She was born in 1930 in El Paso and grew up on a cattle ranch in Arizona. At a time when women were expected to be homemakers, she set her sights on Stanford University. When she graduated near the top of her law school class in 1952, no firm would even interview her. But Sandra Day O’Connor’s story is not that of a woman who surrendered to the status quo — it is the story of a woman who thrived on the challenge of shattering glass ceilings.
She became the first ever female majority leader of a state senate. As a judge on the Arizona State Court of Appeals, she stood up to corrupt lawyers and humanized the law. When President Ronald Reagan appointed her, the first female Justice, to the United States Supreme Court in 1981, she began a pioneering quarter-century on the bench, hearing cases that ultimately advanced and defined American law. Diagnosed with cancer at 58, and caring for a husband with Alzheimer’s, O’Connor endured every difficulty with grit and poise.
Thomas illustrates how Justice O’Connor not only built a bridge forward for all women, but also served as a beacon for how our public officials should serve their country. Her life offers a roadmap for when to fight and when to concede, for how to love and when to say goodbye.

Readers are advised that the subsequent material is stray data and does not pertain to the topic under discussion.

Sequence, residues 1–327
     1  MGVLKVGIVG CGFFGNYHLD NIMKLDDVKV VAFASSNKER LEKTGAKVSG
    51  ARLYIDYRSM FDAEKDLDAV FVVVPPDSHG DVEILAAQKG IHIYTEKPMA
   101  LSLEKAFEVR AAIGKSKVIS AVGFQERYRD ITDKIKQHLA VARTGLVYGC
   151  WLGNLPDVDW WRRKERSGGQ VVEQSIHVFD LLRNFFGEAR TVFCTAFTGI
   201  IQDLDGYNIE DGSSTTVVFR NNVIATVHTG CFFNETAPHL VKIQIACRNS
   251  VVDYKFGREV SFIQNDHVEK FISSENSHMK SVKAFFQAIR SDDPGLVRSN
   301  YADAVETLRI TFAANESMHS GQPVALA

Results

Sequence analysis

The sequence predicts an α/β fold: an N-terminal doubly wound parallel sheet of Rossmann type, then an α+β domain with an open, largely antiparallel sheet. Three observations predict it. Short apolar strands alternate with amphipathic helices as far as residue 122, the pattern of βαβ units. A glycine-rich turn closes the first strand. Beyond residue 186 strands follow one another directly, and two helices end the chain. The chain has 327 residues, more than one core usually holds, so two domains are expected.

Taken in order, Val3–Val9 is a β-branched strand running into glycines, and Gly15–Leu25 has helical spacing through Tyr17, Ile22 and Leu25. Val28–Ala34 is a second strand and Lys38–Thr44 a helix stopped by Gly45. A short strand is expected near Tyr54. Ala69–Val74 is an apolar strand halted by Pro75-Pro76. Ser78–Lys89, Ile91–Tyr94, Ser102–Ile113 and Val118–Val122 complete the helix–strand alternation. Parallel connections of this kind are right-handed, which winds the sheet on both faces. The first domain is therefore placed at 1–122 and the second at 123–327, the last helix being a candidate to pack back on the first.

Evan Thomas is the author of 10 books, including the New York Times bestselling John Paul Jones, Sea of Thunder, and Being Nixon. Thomas was a writer, correspondent, and editor for 33 years at Time and Newsweek, including a decade as Washington bureau chief at Newsweek. He wrote more than 100 cover stories and in 1999 won a National Magazine Award. He appears on many TV and radio talk shows, including Meet the Press and Morning Joe. Thomas has taught writing and journalism at Harvard and Princeton, where, from 2007 to 2014, he was Ferris Professor of Journalism.
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